Thoughts on Crunch in the Games Industry

Hey, all!

After a dearth of posts, a relaxing trimester break, and a return to study, it is time once again to return to blogging. This time, I’ll be talking about a subject that’s close to my heart, because that I’ll never be in a situation like the one below.

Professor of Social and Cultural Analysis at King’s College, London, Rosalind Gill is no stranger to examining vertical slices of our culture. Gill explores the trials and tribulations that occur within the New Media space. In her paper Life is a pitch: Managing the self in new media work she focuses on the individuals that work in these professions, their representation, and the place they take in the workforce. Gill raises many valid points regarding entrepreneurialism, job prospects and technological evolution. I wanted to elaborate on one point in particular – the subject of Crunch Time.

I speak specifically for the games industry, but it isn’t a stretch to imagine these problems affecting all other creative disciplines. Crunch Time is an ethical phenomenon where project managers will encourage their workers to work overtime to get a project completed as quickly as possible, or to meet a looming deadline. The Games Industry is the most prevalent in this culture, where months before a major release a studio will work overtime into the evenings and on the weekends to implement as many features and polish the product as much as they can. There is some merit to this. The project “should” benefit from the extra time spent on it. However, the opposite is usually true. As Matthew S. Burns highlights in his game The Writer Will Do Something the culture of crunch damages all aspects of the project (Burns, 2016). Overworked developers will find their personal lives and partnerships severed because they are always working. Exhausted developers will not create a quality product. Crunch Time is almost always a management problem. Bad workflows, ineffective staff and poorly planned deadlines will throw developers to the wolves. Most infamously, founder of Team Bondi, Brendan McNamara severely mismanaged his company over the seven years that preceded L.A. Noire’s release – the studios first and last game. McNamara is reported to have regularly yelled openly at employees and expected them to work seven days a week, for 15 hours a day (McMillen, 2016). Reports also suggest that some staff would lose hundreds of hours of work because of management-related oversights. It was no surprise to anybody when several artists left and said they never wanted to work in the Games Industry again.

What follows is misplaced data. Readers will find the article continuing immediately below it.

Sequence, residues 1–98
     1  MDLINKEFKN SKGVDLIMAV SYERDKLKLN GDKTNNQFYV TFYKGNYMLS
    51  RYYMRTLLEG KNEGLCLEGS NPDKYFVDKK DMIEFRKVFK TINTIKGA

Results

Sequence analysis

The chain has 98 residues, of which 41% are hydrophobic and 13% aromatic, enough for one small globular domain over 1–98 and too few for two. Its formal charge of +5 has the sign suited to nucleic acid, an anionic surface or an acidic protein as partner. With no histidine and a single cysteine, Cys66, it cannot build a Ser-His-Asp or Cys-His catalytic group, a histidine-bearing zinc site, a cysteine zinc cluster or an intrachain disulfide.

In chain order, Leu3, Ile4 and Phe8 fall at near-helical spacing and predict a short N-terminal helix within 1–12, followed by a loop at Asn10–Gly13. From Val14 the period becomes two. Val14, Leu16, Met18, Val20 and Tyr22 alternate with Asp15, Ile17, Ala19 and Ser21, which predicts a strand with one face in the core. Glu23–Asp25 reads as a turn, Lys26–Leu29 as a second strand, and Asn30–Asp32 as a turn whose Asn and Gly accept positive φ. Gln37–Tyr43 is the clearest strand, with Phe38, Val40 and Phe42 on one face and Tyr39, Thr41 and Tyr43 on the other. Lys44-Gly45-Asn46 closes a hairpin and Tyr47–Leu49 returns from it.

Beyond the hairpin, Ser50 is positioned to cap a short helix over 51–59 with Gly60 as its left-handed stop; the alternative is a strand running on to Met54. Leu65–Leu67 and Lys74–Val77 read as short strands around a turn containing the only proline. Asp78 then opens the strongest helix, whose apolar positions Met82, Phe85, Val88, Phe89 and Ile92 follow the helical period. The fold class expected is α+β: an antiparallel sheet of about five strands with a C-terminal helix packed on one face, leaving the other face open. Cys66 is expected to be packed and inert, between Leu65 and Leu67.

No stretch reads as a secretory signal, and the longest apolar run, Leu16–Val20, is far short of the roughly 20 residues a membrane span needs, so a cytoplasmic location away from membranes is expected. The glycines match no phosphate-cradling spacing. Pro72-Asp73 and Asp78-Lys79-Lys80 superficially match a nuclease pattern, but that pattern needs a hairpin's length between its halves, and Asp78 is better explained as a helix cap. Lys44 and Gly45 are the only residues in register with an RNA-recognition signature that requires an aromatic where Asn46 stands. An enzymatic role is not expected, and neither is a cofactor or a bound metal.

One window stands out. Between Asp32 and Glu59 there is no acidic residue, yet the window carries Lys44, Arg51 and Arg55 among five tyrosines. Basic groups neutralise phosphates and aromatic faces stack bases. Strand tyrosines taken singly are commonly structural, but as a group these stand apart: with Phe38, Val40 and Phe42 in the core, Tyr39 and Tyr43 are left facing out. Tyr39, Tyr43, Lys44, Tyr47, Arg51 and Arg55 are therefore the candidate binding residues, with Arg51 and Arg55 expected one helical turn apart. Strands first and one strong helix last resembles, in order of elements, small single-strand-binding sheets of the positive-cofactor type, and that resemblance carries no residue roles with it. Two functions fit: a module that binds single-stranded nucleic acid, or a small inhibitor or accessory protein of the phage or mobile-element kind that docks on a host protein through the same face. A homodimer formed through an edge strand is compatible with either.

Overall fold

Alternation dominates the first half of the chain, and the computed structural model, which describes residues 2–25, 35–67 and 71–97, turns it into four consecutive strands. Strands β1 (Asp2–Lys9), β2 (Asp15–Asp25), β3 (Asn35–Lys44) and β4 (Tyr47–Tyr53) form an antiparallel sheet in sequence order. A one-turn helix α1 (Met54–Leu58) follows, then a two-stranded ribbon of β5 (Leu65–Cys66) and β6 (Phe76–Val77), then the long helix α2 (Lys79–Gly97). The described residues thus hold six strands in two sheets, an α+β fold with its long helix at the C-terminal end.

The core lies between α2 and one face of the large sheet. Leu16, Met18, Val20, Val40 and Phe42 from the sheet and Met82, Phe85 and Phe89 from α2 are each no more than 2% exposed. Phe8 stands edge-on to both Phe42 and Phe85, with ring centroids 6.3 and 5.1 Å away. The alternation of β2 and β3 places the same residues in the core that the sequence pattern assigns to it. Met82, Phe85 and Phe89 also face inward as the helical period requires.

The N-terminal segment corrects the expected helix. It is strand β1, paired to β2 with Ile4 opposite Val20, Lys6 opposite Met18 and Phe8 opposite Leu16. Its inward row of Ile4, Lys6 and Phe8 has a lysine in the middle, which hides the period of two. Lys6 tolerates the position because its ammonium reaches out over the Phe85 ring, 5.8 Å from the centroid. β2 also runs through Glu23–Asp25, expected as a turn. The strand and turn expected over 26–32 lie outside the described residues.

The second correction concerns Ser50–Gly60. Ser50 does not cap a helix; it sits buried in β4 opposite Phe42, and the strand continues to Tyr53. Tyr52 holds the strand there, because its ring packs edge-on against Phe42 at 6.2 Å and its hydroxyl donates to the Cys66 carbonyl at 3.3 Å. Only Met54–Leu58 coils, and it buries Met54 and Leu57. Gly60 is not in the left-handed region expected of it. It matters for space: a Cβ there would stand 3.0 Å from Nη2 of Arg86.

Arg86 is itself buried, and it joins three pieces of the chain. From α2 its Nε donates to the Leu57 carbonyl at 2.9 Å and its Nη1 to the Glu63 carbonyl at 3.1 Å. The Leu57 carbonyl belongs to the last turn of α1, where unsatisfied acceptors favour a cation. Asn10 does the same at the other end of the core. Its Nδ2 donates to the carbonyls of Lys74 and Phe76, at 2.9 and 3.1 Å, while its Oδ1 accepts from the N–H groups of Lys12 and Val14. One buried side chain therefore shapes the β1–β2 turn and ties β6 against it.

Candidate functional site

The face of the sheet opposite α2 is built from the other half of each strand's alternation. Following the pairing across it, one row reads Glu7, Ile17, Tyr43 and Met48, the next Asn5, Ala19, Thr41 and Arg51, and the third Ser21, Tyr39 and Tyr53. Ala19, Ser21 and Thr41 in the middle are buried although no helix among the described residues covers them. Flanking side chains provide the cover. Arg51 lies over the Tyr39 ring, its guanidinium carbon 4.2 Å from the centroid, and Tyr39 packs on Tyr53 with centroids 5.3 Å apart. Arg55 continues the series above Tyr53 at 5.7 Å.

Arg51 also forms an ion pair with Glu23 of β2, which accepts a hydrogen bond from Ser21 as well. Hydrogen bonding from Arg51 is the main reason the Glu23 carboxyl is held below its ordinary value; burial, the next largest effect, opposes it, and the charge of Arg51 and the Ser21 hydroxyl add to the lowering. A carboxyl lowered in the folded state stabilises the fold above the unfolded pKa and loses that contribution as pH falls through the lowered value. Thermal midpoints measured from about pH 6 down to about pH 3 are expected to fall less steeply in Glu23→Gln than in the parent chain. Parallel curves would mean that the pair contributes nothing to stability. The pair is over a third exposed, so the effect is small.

This year we were reminded of these disgusting attitudes to Crunch when Alex St. John wrote a piece detailing why paying developers for their work was not a priority. He said that game development was an “entrepreneurial endeavour“, and therefore exempt from the usual trappings of a 9-to-5 job. He went further to say that “pushing a mouse around” couldn’t be considered hard work, and that game developers shouldn’t be compensated for their overtime work (John, 2016). Understandably, his words were met with a fiery uproar from the gaming community, even from his daughter. It’s clear that while Crunch can be a product of a developer’s passion, it can be abused through a damaging system that victimises developers at the expense of managers sucking up to their investors. The industry can and must do better to nurture the creative minds they need for commercial success.


Burns, M. (2016). The Writer Will Do Something (Version 1.0). Seattle.

Gill, R. (2016). Professor Rosalind Gill. City University London. Retrieved 8 June 2016, from

John, A. (2016). Game developers must avoid the ‘wage-slave’ attitude. VentureBeat. Retrieved 8 June 2016, from

McMillen, A. (2016). Why Did L.A. Noire Take Seven Years to Make? – IGN. IGN. Retrieved 8 June 2016, from

Takahashi, D. (2016). Why ‘crunch time’ is still a problem in the video game industry. VentureBeat. Retrieved 8 June 2016, from


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